Ways to Avoid Wage and Hour Claims Against Employer
A Few Practical Pointers on How to Avoid Wage-and-Hour Lawsuits
Wage and hour lawsuits are probably some of the scariest for employers, and collective or class action claims are the worst. Here are a few practical pointers to help you try to stay out of the courtroom and avoid such claims.
1. Keep good records of employees' wages, when they started work, hours they worked, and break time. Consider having a policy that requires employees to notify their supervisors or other members of management when time cards don't accurately reflect whatever records they're keeping. Also, when employees are working off the clock, be aware that federal and state laws may differ when it come to meal or rest breaks and stay up to date on regulations (especially if you have operations in California).
2. Consider having a complaint or grievance procedure for workers who feel they are not being paid appropriately. Maybe you can head off a lawsuit or investigation at the front end this way.
3. Have policies clearly stating that a non-exempt employee’s work-sponsored iPhone or BlackBerry should be left in the office. Also instruct hourly employees that they should not check their email at home and should carefully track the time worked when they are out of the office.
4. Educate managers about how to keep good time records and make sure employees are not being required by supervisors to work off the clock, despite a policy against such work. You won’t be protected if you tell your employees you don't want them to perform work after hours, but a manager or supervisor sends workers emails late at night and expects a response. What you say needs to comport with what you're doing and vice versa.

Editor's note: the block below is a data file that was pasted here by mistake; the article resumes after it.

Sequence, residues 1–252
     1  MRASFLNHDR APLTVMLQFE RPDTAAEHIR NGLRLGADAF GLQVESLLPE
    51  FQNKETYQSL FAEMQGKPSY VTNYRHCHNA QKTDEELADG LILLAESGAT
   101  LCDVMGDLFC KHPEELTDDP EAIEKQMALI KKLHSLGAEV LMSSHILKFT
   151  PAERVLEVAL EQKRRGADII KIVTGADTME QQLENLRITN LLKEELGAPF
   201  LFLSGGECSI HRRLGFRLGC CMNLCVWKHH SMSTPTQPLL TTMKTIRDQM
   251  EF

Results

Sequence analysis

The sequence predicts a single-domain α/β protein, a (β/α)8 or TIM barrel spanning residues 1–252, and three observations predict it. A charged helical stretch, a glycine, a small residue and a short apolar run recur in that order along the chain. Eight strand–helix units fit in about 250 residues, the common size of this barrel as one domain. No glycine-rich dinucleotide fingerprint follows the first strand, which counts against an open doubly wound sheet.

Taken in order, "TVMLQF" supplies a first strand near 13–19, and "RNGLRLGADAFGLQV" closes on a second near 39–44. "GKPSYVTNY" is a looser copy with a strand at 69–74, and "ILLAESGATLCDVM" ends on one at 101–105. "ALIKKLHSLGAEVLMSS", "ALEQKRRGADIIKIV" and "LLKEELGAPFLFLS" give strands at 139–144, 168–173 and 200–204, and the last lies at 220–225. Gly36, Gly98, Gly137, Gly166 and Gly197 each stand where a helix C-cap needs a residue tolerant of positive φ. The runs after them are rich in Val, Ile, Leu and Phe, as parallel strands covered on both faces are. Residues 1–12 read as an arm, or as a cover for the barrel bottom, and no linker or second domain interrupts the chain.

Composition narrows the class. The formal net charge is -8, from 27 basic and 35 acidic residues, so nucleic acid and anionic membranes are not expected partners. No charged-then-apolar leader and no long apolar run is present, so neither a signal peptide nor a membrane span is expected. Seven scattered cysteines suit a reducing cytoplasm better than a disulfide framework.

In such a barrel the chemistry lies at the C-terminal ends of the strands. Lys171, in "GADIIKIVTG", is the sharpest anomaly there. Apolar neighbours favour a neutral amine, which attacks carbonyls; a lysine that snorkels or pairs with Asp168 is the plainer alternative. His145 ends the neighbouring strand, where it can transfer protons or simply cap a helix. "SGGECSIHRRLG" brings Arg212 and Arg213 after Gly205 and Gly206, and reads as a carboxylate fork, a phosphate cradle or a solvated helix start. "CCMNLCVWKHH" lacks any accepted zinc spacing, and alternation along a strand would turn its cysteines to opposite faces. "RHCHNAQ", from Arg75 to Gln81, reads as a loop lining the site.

5. Examine independent workers' contracts to determine if they establish an employee relationship. Again, this is an area ripe for claims, and for which employers are regularly getting hit with audits by DOL, the TWC, or in lawsuits and slapped with wage and hour claims. Don’t fall for the temptation of trying to call someone an independent contractor when they won’t meet the legal tests.
6. Consider whether to have arbitration agreements with employees, and if so, include specific language that collective or class-action wage-and-hour claims are covered by the agreement. A recent U. S. Supreme Court decision upheld such a class-action waiver provision in an arbitration agreement as a ban on collective-action wage and hour claims.
Adair Buckner is an Amarillo attorney with Buckner & Cross, L.L.P. She is Board Certified in Labor and Employment Law by the Texas Board of Legal Specialization. Her other areas of practice include business law, business disputes, commercial litigation, estate planning, and probate. You can reach Adair at (806)-322-7777 or email@example.com. This material is not intended to be legal advice. The contents are intended for general information purposes only.
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